It may be hard to believe now, but public perception of Arizona and Michigan was pretty comparable at the start of the year. Needless to say, that is no longer the case. The Wildcats, now also known as the #1 team in the land, get a shot at validating that ranking when they visit Ann Arbor today (12:00 EST, CBS), while the floundering Wolverines will seek to redirect the trajectory of their season. Wins over the #1 team in the country have a way of curing a lot of ills, but it will take a yet-to-be-seen vigor for Michigan to earn that antidote, even on their home floor. Mitch McGary and Jordan Morgan will clash with Aaron Gordon and the rest of that vaunted Arizona front line down low, but keep an eye on the battle of the Ni(c)ks. We saw against Duke how crippling a subpar night from Nik Stauskas can be for the Wolverines; if Nick Johnson’s rep as one of the best stoppers out West carries weight in Ann Arbor, Michigan may again find themselves searching for other scoring outlets. For Michigan, Saturday is an opportunity to prove that the Wolverines still might be who we thought they were; for the Cats, it’s another chance to show us that they are exactly who we think they are.

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What Pomeroy Knows About The Current Top 25 That You Might Not

Posted by Bennet Hayes on December 13th, 2013

It’s happened to many a college basketball fan (hopefully not just me). You pull up kenpom.com, just needing to check Doug McDermott’s offensive rating, or Syracuse’s adjusted tempo. You quickly accomplish your goal, but 45 minutes later, Doug McDermott’s offensive rating has morphed, several times over, into a glance at individual seasons similar to Joe Trapani’s 2007 campaign at Vermont. Fortunately, I am not here to discuss John Shurna’s freshman year (one such similar season), and instead, I’ll spare you a bit of KenPom wandering. Via college basketball’s statistical maestro, here are four takeaways in comparing his metrics with the current AP Top 25.

The Folks In The Oakland Zoo Are Probably In Agreement With Ken Pom's Take On Their Panthers; After A 9-0 Start, Pitt Is #4 With Pomeroy, But Still Unranked In The AP Poll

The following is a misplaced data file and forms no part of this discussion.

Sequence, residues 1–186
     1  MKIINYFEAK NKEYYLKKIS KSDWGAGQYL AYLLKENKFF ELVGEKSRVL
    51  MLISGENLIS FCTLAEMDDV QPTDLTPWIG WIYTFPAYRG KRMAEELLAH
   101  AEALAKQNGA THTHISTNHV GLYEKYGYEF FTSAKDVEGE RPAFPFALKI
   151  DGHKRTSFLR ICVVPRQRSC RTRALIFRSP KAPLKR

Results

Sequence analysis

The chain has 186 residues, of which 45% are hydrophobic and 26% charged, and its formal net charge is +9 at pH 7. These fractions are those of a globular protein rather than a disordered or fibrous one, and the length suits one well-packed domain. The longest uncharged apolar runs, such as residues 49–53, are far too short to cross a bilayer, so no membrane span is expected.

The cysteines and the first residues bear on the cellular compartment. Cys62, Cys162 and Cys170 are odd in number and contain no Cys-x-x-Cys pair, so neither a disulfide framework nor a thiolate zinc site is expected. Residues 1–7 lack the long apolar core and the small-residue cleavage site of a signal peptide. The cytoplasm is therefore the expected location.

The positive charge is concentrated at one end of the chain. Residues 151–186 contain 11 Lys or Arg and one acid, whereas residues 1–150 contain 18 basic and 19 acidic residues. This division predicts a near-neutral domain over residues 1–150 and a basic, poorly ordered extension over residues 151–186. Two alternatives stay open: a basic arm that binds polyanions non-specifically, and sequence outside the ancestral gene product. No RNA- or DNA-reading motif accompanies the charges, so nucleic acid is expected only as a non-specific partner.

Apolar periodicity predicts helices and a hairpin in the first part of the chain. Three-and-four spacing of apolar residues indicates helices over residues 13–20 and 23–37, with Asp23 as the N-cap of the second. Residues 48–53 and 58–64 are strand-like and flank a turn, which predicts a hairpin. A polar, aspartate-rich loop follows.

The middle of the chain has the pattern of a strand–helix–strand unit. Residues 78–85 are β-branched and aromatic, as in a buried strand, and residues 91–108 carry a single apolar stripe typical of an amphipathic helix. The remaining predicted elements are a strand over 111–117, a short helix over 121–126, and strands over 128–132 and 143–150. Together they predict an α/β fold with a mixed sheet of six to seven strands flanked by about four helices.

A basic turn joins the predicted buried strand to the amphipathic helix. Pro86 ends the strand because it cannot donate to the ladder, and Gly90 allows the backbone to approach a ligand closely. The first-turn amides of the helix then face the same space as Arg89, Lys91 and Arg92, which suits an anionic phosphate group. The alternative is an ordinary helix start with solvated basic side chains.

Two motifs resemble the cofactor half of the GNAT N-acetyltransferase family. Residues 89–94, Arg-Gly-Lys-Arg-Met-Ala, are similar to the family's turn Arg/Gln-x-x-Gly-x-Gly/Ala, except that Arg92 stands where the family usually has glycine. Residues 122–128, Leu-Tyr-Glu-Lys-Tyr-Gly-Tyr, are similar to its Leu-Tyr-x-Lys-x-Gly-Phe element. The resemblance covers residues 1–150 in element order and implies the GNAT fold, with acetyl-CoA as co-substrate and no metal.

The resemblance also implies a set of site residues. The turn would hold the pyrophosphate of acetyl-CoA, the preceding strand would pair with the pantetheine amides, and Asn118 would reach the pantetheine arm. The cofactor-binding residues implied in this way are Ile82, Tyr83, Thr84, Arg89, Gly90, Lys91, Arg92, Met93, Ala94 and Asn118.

The Folks In The Oakland Zoo Are Probably In Agreement With KenPom’s Take On Their Panthers; After A 9-0 Start, Pitt Is #4 With Pomeroy, But Still Unranked In The AP Poll

Most Overrated/Underrated

KenPom’s ratings are never a perfect match with the polls. Expect the two evaluative systems to converge a bit as the year progresses, but let’s note the teams with the most decisive split of opinion at the moment. On the plus side of things, Pittsburgh sits at #4 in KenPom’s ratings, despite having not yet entered the AP poll. The potentially underrated (at least by AP voters) Panthers were third in “receiving votes” last week after a 9-0 start to the year. One of the teams that beat the Panthers into the poll was the Missouri Tigers, yet they rest some 37 slots below Pitt at #41 in KenPom’s rankings. Mizzou hasn’t done anything wrong yet – the Tigers are also 9-0 and coming off consecutive victories over West Virginia and UCLA – but Pomeroy’s model doesn’t yet view them as an elite squad. Other teams that pollsters are a bit keener on include Colorado (#37), San Diego State (#40), and UConn (#21).

Extremes Of The Youth Movement

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Misperceptions and Missed Perceptions: Reviewing Some Preseason Predictions

Posted by Bennet Hayes on December 5th, 2013

With four weeks of basketball now in the books, it’s time to take a quick glance back at some of the things we thought we knew in the preseason. Some notions have proved accurate, but early results have tested a slew of preseason hypotheses that we once felt confident in. Here are a few examples, on both sides of the ledger:

We Thought We Knew…

Andy Enfield Was the New Coach Bringing Exciting Offensive Basketball to LA

There Has Been Nothing Slow About Steve Alford's And UCLA's First Four Weeks

There Has Been Nothing Slow About Steve Alford’s And UCLA’s First Four Weeks